Reduce Anxiety with Matcha Tea

Adding Matcha Green Tea to your daily diet may improve your health and also help reduce anxiety. Experiments have shown that Matcha Tea’s anxiolytic effects happen because of the activation of dopamine D1 receptors and other serotonin receptors.

Japanese Matcha Tea has been growing in popularity around the world. This particular tea has a long history for its various medicinal purposes. The new study offers scientific evidence to support the benefits.

Recently a group of Japanese researchers from Kumamoto University have shown that anxiety in mice can be reduced after they have consumed Matcha extract or powder. The calming effects of the tea seem to be due to mechanisms which activate dopamine D1 receptors and serotonin 5-HT1A. These are both closely related to anxious behavior.

Matcha is a finely ground powder which is produced from the new leaves of shade grown Camellia sinensis green tea bushes. Not only the tea but also its food flavoring are enjoyed throughout the world. In Japan some of the historical medicinal uses for the tea include helping people relax, treatment of skin conditions and preventing obesity.

The research team set out to determine the tea’s various beneficial effects. They used the “elevated plus maze” test which is an elevated, plus shaped, narrow platform that has two walled arms which provide safety for the test subjects which are typically mice. This test is used as an anxiety test for the mice with the idea that animals which experience higher anxiety will spend more of their time in the safer walled off areas.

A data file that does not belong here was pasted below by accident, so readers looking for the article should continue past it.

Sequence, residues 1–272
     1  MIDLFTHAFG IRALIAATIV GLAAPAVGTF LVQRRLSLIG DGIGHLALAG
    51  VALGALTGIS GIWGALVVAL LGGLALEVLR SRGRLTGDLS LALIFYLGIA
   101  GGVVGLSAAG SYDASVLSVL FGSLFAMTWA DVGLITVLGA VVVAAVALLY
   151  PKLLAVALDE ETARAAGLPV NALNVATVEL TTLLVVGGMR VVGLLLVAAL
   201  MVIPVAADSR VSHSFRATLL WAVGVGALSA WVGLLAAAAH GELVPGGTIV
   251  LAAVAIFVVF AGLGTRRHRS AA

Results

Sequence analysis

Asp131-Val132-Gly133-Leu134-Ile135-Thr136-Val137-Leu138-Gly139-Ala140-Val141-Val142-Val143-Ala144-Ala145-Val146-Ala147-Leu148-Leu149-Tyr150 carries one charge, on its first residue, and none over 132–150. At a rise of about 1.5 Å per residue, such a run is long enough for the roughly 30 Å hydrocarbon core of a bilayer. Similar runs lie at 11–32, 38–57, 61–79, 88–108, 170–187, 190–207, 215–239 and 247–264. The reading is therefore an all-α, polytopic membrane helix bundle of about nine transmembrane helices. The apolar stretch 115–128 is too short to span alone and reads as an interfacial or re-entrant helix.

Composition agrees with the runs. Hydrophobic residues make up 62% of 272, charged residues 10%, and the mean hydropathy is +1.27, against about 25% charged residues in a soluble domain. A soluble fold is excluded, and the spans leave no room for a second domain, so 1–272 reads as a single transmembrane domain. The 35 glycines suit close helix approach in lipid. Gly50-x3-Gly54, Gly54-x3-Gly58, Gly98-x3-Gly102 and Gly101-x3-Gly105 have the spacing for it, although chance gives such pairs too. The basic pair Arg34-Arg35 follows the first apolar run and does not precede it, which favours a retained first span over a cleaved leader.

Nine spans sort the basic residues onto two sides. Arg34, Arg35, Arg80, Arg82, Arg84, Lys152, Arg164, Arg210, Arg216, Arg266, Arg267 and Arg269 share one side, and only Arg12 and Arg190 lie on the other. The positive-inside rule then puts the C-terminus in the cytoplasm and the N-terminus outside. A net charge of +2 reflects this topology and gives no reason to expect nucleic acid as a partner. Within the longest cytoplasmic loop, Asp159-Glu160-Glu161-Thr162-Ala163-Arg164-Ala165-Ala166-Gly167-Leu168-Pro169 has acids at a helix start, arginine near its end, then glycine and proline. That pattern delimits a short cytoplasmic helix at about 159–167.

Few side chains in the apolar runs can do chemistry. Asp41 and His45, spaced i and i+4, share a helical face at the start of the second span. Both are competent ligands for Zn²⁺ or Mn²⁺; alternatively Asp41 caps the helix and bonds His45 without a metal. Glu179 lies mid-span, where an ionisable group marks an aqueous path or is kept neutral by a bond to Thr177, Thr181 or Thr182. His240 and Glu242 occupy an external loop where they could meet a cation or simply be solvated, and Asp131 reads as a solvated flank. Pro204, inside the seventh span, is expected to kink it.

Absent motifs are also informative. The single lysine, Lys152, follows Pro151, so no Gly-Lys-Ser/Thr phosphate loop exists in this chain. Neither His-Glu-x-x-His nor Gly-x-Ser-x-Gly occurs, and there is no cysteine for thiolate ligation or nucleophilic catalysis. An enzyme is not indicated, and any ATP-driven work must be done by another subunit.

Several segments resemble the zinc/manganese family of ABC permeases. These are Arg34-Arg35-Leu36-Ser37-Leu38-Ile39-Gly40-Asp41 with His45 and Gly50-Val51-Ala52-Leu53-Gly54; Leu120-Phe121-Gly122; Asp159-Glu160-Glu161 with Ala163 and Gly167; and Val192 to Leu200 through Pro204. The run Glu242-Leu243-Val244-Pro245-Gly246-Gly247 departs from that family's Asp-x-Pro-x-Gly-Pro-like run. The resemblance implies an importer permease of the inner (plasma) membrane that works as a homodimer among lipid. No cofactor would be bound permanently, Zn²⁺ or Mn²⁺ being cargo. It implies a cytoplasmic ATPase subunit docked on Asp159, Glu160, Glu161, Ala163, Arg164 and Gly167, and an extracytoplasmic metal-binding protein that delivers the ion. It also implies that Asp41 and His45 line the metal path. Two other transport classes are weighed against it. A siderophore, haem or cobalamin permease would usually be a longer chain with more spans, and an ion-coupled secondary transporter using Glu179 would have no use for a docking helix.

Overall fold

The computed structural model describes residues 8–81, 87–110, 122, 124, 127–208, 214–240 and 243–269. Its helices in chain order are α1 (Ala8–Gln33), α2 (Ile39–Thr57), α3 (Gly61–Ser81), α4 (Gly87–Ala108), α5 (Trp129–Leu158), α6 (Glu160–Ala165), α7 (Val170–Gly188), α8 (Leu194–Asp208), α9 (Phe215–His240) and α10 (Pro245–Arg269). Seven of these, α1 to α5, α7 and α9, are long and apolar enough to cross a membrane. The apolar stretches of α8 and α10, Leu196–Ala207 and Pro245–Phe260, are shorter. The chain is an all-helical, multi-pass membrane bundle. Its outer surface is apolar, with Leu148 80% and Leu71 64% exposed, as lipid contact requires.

Researchers found that when using this test the anxiety of the mice was reduced after they consumed Matcha extract or powder. Additionally when the anxiolytic activity of a variety of Matcha extracts were elevated, an even stronger effect was discovered with an extract derived using 80% ethanol in comparison to an extract which was derived from just hot water. This means that a poorly water soluble Matcha component will have stronger anxiolytic effects than a component that is more water soluble.

A behavioral pharmacological analysis revealed that Matcha and Matcha extracts are able to reduce anxiety through activation of dopamine D1 and serotonin 5-HT1A receptors. Further epidemiological research is necessary, however the results of the current study show that Matcha may be very beneficial to the human body.

To view the original scientific study click below

Anxiolytic activities of Matcha tea powder, extracts, and fractions in mice: Contribution of dopamine D1 receptor- and serotonin 5-HT1A receptor-mediated mechanisms.